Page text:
Exploring Personality Development Theory: Compelling and Inspiring Opinion Perspectives

By : Dewik Kusumawati, Ganesha University of Education, Singaraja


Personality development is a different process that every person goes through throughout his life. A number of theories have been developed within the field of psychology to explain and understand how a person’s nature, behavior, and identity develop from childhood to adulthood.

If we search for theories of personality development, we will not only discover the basic principles that make up conventional perspectives, but we will also find new perspectives interesting. Each theory serves as part of a larger puzzle of how humans came to be.

Each perspective offers a different way of understanding the personality journey, ranging from Freud’s basic concepts of the id, ego, and superego to neurobiological theories that investigate the physical properties of personality. While Piaget emphasized children’s cognition as the basis of development, Erikson incorporated a social dimension into the conversation. These theories continue to evolve and vary over time, resulting in ever richer stories about who we are.

This article invites readers to consider, investigate, and gain a new understanding of the ever-changing essence of humanity through these perspectives.


Theories of personality development have been the subject of extensive research and debate in the fields of psychology, sociology, and education because personality development is a complex and fascinating process involving interactions between genetic, environmental, and individual experience factors. In this article, we will examine various interesting and inspiring viewpoints on personality development theory.

The theory of psychoanalysis developed by Sigmund Freud is one of the most famous theories of personality development. According to Freud, personality consists of three main structures: id, ego, and superego. The id indicates basic instincts and desires, the ego serves as a regulator and mediator, and the superego indicates internalized values and moral rules. Freud’s concepts of the unconscious and internal conflict continue to influence our understanding of personality development, although his theory is controversial and widely criticized. Freud believed that personality is formed and settled at the age of five and that it is difficult to change after that age. Many people agree that childhood is an important period in the formation of personality, but Freud also believed that personality continues to develop after childhood and possibly throughout life. Sigmund Freud gave us an understanding of our subconscious world. The gloom that comes from our darkest fears and strife, forces that influence conscious thinking and thinking. Psychologists found evidence supporting Freud’s theory that memory and thought are repressed into the unconscious, and repression functions at the unconscious level. New study shows that the unconscious is a force which is significant, perhaps larger than Freud himself considered. However, contemporary images of thought processes are unconscious and more rational than emotional.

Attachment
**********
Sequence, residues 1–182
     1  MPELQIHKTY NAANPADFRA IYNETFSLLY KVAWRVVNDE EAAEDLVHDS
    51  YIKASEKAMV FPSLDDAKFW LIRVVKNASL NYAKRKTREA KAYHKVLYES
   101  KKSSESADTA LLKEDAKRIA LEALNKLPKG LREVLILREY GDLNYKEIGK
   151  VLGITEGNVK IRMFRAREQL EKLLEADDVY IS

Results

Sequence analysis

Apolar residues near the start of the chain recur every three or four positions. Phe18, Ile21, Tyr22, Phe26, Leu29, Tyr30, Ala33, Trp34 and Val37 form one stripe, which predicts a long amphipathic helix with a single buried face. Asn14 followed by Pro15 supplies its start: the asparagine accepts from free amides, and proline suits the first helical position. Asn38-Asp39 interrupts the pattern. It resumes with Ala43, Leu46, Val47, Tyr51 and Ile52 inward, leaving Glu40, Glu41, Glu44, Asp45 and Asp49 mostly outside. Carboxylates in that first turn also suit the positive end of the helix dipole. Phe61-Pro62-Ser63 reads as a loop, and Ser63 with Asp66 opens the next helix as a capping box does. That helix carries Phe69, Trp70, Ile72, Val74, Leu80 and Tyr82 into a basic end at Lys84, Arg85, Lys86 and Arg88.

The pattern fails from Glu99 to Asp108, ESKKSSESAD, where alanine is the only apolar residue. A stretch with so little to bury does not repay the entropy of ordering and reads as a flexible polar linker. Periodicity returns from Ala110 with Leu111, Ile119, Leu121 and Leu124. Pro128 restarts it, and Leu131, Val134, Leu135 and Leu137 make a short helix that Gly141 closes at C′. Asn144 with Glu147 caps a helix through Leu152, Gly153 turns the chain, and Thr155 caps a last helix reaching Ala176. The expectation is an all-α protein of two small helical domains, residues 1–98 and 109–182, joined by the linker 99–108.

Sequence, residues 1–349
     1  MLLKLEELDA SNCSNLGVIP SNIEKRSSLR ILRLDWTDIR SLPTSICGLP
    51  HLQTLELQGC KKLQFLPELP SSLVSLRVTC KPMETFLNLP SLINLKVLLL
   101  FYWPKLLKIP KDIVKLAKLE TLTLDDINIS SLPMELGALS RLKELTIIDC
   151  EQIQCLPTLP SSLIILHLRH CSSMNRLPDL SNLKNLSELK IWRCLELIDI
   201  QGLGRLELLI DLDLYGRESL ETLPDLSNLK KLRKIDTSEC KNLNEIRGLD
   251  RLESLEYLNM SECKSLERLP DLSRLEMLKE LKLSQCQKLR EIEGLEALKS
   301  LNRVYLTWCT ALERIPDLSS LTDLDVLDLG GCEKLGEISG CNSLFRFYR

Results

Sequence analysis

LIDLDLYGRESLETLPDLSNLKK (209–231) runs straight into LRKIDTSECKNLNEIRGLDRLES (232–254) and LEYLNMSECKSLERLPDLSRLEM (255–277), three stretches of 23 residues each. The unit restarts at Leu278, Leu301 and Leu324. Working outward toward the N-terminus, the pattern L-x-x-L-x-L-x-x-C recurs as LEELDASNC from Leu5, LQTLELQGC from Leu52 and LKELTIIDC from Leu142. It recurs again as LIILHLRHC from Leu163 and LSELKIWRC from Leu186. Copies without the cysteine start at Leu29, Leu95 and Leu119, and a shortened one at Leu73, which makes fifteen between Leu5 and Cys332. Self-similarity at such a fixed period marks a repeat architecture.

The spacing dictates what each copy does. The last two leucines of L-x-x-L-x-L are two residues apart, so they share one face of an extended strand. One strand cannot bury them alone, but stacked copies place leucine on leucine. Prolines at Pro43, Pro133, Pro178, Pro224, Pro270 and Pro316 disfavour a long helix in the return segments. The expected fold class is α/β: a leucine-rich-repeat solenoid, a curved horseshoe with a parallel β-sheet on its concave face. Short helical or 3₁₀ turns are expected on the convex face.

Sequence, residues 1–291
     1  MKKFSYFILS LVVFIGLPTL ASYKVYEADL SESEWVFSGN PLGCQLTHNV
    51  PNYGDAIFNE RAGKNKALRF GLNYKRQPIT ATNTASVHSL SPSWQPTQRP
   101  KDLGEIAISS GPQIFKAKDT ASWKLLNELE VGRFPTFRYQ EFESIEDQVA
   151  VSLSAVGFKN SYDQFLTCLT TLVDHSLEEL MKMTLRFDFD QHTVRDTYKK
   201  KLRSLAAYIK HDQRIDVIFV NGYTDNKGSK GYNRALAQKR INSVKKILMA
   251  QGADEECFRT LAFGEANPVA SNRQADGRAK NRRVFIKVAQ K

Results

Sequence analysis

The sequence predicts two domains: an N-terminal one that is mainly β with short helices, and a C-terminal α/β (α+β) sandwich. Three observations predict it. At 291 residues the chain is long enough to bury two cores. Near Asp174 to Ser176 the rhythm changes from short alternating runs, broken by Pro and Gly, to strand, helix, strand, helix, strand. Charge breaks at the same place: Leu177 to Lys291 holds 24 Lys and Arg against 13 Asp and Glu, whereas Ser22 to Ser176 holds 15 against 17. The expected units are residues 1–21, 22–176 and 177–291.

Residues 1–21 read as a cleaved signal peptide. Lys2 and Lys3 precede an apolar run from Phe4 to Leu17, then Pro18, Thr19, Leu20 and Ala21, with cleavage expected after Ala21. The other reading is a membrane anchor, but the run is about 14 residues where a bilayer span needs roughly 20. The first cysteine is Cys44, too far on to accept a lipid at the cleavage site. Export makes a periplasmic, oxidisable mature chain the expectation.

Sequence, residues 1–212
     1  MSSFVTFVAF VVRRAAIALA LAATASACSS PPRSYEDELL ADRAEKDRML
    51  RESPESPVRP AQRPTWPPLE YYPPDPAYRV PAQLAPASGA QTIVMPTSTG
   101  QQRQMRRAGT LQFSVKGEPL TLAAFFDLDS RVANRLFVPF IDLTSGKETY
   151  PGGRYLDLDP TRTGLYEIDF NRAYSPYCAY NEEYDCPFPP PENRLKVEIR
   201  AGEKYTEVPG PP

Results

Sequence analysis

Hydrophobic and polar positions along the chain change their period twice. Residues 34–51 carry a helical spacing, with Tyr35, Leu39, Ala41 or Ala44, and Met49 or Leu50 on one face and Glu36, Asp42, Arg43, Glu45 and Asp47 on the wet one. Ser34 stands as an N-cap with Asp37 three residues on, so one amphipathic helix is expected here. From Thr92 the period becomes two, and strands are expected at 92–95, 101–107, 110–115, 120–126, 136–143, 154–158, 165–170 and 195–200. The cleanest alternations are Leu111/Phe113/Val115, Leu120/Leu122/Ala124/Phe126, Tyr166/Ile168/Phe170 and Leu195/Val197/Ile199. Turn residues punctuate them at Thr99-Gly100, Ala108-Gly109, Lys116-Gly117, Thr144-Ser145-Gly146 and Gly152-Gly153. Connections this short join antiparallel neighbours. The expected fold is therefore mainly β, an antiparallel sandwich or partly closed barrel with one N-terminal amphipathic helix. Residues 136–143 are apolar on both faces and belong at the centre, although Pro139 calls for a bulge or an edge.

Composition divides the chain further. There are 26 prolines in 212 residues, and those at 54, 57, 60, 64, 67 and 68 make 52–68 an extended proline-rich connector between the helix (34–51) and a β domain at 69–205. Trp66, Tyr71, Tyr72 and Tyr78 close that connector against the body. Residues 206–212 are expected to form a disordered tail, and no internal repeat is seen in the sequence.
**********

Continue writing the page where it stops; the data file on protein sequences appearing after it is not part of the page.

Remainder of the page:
Urie Bronfenbrenner’s theory of developmental ecology is another interesting perspective. Bronfenbrenner says that various interacting systems influence personality development, ranging from microsystems (an individual’s immediate environment) to macrosystems (broader social and cultural contexts). His theory emphasizes the importance of understanding the influence of complex and changing environments on personality development.

Carl R. Rogers Personality Theory: Rogers states that individuals with a strong and positive self-concept will have a different view of the world compared to people with a weak self-concept. Rogers’ humanistic personality theory emphasizes concepts such as the self, phenomenal field, and organism, as well as their implications for guidance and counseling in college. Contrary to the perspective of behaviorism, Rogers saw humans as a source of external power. Rogers’ theory of the human being comes from his experiences with people suffering from psychiatric disorders. However, Rogers’ basic view of human nature was positive and optimistic, far from Freud’s, who regarded humans as beings driven by destructive impulses. Rogers considered behavior as a response to an individual’s perception of external stimuli.

Erik H. Erikson’s Theory of Personality Development: Erikson presents a theory of personality development that covers the various stages of life, as well as a view of the task of development according to the Islamic view.

Philosophy in Personality Theory: A philosophical view of personality theory can also provide a deep understanding. For example, Aristotle suggested that a person’s personality is determined by habits or habitus.


We’ve traveled through various personality development theories and opinion perspectives, and we’ve traced paths that involve human complexity and uniqueness. From Freud’s theories to philosophies within personality theory, every theory makes a valuable contribution to putting together the complex puzzle of what makes us up.

In addition, the perspective of opinion has added color and nuance, providing constructive criticism and positive ideas that have enriched our view of humans as evolving beings. We find the richness and diversity of human experience in diverse theories and opinions.


Allport. G. W. 1961. Pattern and Growth in Personality. New York: Rinerhart and Winston.

Cloninger S. 2004, Theories of Personality: Understanding persons 4 th edition. New Jersey: Prentice Hall

Feist, J. dan Feist, G.J. 1998. Theories of Personality (4th ed.). Boston: McGraw-Hill.

Hall, C.A. dan Lindzey, G. 1993. Teori-teori Holistik. Supratiknya, A. (ed.). Yogyakarta: Penerbit Kanisius.

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